With or without DACA, New York must step up for immigrant communities
I came to the United States when I was 14 years old from Ecuador. I came here to join my parents, who had already been in the U.S. for years, having left our home country because they knew they couldn’t earn enough to send my siblings and me to college.
When I arrived, I was undocumented, and I spent my first 12 years in the United States that way.
Since then, I’ve worked extremely hard to build a life here. Despite not being able to access state financial aid and many other types of support that other New Yorkers are able to get, I was able to graduate from college. Now I’ve just started graduate school. And I’m a proud mother and homeowner, contributing every day to our state with my love, sweat, and tax dollars.
I was able to make it this far because of DACA (Deferred Action for Childhood Arrivals), a program created by President Obama in 2012 to offer protection from deportation and work authorization for young immigrants like me.
Now, that same program is under attack by the Trump administration, which is considering ending it to make its white nationalist supporters happy.
Immigrant youth like me are fighting to defend DACA at the national level. But we also need New York lawmakers to step up by passing the Liberty and DREAM Acts.
Ending DACA would be a tragedy for my family and me. And it would be a disaster for New York.
For me, losing DACA would be devastating. Without this program, I would no longer have a driver’s license to drive my kids to school or to the doctor. I would not be able to find a job without legal status, and I then wouldn’t be able to pay for my mortgage and my family’s health insurance. It could also mean being separated from my children, as I was from my parents all those years ago. Simply put, my life would be turned upside down.
For New York, it would mean deep damage to our communities, the loss of legal protection for 42,000 DACA beneficiaries, and a negative annual economic impact of $2.3 billion, according to a recent report by the Center for American Progress. And we are more than numbers or pieces of paper. We are doctors, nurses, teachers, engineers and attorneys serving our communities.
My parents’ immigrant dreams have paid off. My siblings and I have all graduated from college, with degrees in mathematics, engineering and sociology. And 800,000 immigrant youth who benefit from DACA are just like us.
Whether from a human or an economic perspective, there is just no good reason to end DACA, when the program has given us, and our country, so much.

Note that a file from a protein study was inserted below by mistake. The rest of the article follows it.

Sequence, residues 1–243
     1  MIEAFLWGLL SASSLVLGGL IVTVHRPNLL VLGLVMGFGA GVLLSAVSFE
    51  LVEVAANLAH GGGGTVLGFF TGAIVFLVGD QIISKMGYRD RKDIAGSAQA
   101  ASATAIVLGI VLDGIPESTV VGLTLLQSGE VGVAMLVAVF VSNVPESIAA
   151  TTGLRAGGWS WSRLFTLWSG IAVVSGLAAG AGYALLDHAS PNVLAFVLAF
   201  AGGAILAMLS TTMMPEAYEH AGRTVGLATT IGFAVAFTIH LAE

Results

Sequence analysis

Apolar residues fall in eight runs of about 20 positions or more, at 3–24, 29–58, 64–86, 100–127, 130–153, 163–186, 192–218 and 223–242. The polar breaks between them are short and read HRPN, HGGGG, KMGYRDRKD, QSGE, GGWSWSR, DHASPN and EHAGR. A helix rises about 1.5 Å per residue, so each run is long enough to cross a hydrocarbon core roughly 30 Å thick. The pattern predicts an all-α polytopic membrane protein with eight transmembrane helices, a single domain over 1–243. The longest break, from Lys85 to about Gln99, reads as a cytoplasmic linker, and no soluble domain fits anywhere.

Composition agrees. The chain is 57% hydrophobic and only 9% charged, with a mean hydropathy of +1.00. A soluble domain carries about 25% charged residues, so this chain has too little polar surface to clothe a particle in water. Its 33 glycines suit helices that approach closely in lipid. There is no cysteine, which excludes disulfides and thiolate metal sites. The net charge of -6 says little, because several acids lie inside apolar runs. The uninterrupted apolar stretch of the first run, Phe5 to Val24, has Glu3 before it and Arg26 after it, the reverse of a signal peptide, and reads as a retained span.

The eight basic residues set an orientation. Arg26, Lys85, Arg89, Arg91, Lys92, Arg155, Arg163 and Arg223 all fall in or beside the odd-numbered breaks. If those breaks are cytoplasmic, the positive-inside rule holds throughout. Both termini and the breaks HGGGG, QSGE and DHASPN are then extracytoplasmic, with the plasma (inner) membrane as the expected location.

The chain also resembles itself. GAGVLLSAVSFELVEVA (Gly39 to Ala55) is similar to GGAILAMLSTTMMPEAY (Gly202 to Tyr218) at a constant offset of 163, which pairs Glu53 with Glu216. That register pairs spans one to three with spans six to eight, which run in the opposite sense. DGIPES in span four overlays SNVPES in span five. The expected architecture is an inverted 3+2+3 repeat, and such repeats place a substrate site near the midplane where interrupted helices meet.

We are organizing to make sure that Trump and members of Congress hear us and defend DACA. Just this week, we organized a 3,000-person march through midtown Manhattan. And we will keep fighting.
But we also know that the man in the Oval Office is not on our side, and he will keep finding ways to attack us, with or without DACA.
And that’s why it’s so important that New York state step up and take the lead for immigrants.
Other states have shown real leadership. Take Illinois, for example: even under a Republican governor, the state just adopted a Trust Act that will limit cooperation between state law enforcement and Trump’s immigration agents. Other states have ensured state financial aid for immigrant youth like me.
New York has lagged behind, failing to pass any significant pro-immigrant legislation this year.
When the state Legislature returns it January, it must immediately pass the Liberty Act, which is similar to Illinois’s Trust Act and will protect families like mine. The bill would draw a bright line between immigration enforcement and local law enforcement, making New Yorkers more likely to report crimes they witness or suffer, in the process keeping us all safer.
Our state must also finally pass the DREAM Act, to ensure that immigrant youth have access to state financial aid. With the Trump administration declaring war on our futures, it’s more important than ever that we be able to afford college.
New York has led the way before. With DACA and immigrant families under attack, it’s time for us to lead the way for immigrant communities.
Eliana Fernandez is a case manager at Make the Road New York, the largest grassroots community organization in New York offering services and organizing the immigrant community. Follow her on Twitter @elianadreams @maketheroadny.